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One note 'after buzz'

Beemer

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One bass fundamental note, the G above C indent button buzzes after release. This is equally loud on both bellows directions. Unlike the nice after-rumble on the lowest reeds which do not annoy me, this buzz like sound is most distracting. Since the sound occurs with either bellow direction, I would like opinions on what might be causing this and which I heard since the new Scandalli was first played in July. The dealer says this is normal, but it is absent on the other notes. Playing that G on the treble appears to invoke the buzz in the bass note.
 

Walker

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This may not be a popular opinion, but you know Ian, it's a very new and very lovely accordion, let it settle in. Play it and enjoy it. It's easy to get very sensitive about these little buzzes and sympathetic frequencies. But I would always urge caution about sending instruments to repairers for a something and a nothing, as my old mother would call it. There's never yet been a perfect accordion made. With a bit of luck the buzz will fade and something else will creak instead, to take your mind off the buzz... ;)
 

boxplayer4000

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Beemer: I sympathise. It's not easy to ignore a note or key which is not behaving itself.
It's not easy diagnosing those faults at a distance but 'resonance' might be happening. ie. some other part of the accordion is 'buzzing' in sympathy with the G note sound. Try generating a G note from another source (another accordion or from a sound generator on the computer etc.) If there is a part in 'sympathy' with the sound on your accordion it will sound and it'll disappear if you touch it. If you can find such a part then it can be given attention. The problem is rare but I have noticed it with covers and grills.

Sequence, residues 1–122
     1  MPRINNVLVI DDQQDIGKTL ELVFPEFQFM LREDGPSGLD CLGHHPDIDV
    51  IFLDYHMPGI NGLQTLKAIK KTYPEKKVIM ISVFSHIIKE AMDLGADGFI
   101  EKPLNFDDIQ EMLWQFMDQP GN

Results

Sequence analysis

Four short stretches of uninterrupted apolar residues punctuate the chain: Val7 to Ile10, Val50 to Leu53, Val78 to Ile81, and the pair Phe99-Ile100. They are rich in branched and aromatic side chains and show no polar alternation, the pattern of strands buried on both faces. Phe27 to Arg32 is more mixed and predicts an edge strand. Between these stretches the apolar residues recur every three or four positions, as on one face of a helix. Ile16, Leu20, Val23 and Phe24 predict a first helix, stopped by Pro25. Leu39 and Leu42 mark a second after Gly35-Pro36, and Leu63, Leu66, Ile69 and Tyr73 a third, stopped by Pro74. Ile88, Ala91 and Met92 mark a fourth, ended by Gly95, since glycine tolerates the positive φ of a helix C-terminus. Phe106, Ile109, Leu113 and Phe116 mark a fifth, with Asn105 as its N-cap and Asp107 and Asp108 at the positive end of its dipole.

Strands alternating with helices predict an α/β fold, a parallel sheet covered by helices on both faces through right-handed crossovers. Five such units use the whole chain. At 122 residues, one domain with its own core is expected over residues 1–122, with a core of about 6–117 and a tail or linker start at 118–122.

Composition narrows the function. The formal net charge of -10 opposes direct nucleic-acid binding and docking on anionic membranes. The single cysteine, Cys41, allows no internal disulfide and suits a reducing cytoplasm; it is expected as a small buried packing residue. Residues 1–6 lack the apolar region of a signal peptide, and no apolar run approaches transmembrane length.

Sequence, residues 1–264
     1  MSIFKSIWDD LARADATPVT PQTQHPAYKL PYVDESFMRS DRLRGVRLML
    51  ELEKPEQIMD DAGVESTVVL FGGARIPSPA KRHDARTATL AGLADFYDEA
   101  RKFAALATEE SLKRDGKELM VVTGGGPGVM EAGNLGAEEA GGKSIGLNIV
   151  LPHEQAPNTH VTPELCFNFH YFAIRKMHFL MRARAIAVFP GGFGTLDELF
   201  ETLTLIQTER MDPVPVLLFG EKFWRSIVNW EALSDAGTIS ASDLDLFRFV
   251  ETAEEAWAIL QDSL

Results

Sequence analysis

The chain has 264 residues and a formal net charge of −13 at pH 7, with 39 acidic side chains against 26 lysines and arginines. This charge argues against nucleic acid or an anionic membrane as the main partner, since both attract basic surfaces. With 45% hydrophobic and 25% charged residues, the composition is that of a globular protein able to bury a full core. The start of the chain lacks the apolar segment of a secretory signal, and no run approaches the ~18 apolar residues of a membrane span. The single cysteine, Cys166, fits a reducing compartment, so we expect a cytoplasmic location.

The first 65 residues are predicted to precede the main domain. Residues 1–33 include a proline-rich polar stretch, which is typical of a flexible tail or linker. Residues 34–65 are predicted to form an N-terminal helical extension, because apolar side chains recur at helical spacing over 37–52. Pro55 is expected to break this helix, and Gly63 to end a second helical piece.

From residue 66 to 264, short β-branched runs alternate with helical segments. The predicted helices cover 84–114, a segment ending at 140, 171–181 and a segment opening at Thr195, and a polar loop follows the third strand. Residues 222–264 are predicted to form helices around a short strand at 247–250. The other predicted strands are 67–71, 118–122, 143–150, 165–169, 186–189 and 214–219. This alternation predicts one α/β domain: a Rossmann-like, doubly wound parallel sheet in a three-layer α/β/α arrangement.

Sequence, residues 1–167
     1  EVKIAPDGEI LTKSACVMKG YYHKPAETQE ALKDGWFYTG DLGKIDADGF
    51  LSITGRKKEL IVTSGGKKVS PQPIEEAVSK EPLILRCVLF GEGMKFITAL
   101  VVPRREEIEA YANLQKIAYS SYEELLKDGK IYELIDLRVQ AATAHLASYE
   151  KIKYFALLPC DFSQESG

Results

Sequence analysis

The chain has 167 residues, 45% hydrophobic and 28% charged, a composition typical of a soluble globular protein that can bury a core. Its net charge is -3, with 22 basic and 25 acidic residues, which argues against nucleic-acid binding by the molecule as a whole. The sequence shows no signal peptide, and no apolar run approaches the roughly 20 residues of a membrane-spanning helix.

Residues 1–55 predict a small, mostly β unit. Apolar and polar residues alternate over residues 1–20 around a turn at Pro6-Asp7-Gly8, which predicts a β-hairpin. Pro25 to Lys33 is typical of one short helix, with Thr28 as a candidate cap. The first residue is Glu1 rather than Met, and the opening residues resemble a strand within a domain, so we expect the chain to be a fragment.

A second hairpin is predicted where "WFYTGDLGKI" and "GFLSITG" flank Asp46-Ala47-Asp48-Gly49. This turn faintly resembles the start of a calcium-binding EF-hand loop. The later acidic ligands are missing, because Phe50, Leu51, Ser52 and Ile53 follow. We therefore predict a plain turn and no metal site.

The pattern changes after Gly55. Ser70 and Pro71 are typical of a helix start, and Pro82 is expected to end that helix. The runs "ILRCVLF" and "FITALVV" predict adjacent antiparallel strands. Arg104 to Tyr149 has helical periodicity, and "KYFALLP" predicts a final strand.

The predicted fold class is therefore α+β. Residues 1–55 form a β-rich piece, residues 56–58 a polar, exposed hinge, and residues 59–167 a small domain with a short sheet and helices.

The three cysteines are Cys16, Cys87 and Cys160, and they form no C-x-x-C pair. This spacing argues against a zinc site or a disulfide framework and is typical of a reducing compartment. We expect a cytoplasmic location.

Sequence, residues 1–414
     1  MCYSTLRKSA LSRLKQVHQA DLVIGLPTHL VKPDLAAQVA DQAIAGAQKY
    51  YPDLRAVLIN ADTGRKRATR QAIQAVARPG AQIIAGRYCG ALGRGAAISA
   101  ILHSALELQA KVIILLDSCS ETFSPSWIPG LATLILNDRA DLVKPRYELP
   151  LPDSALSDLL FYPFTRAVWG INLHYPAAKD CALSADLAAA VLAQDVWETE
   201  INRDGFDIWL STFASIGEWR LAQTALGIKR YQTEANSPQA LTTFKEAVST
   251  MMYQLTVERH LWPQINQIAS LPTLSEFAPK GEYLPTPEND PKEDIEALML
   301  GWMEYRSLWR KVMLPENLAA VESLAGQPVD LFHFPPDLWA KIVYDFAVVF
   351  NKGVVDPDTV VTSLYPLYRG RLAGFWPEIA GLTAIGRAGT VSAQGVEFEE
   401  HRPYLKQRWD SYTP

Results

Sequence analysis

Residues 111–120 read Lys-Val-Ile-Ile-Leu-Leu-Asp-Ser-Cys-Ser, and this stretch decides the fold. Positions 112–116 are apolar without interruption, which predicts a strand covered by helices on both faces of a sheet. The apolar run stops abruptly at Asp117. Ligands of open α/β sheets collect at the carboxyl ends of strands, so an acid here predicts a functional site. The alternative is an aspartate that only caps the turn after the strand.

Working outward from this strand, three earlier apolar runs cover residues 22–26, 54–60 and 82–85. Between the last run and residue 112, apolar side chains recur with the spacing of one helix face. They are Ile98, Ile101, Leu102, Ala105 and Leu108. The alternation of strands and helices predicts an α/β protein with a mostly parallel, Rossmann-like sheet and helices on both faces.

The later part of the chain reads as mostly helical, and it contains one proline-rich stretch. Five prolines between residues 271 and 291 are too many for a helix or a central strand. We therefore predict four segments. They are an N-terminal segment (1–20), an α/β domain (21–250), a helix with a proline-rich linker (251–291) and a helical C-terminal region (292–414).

debra

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The dealer saying "this is normal" is standard language for "I don't want to deal with it". Something is resonating with the note and continues to vibrate after you release the note (more than the normal "growl" of bass notes. It would be hard for the dealer to find exactly what is resonating and vibrating and that's why it's brushed off as being normal, where in fact it is not normal, but could be the result of a design fault. It could for instance be a spring somewhere that resonates (like that of the air release valve or some spring in the bass mechanic). It could be a valve problem... It can be many things and the problem is likely to not show itself when the accordion is taken apart and the bass compartment placed on a tuning bellows for inspection. Finding issues inside an accordion can sometimes be a very tough detective job, and can take hours to find. Again, that's why the dealer doesn't want to deal with it despite the accordion being under warranty...
 

JIM D.

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In this case diagnosing your problem without examining the accordion is only guess work.
Now if I indeed have your accordion, I would first check the valves on your bass reed blocks.
A valve not closing completely will allow a heavy bass reed tongue to continue to vibrate.
In new Italian accordions the treble reed blocks now come with plastic valves. The bass
reed blocks should have leather valves and one of these might have fallen off or not closing
completely.
 

Ventura

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well the very first step in diagnosis as taught to me
is to LOOK CLOSELY at everything related to or in the vicinity
of the problem

you just never know when simple close observation will reveal
a clue or even a solution.... like an unusual hairline stress crack in
a large circuit board of a power amp that was almost impossible to see or predict.

so open the darn thing up and figure out which Reed is the big G
and look it over with a magnifying glass.. move the reed-flap and ping it
a few times too along with the exposed reed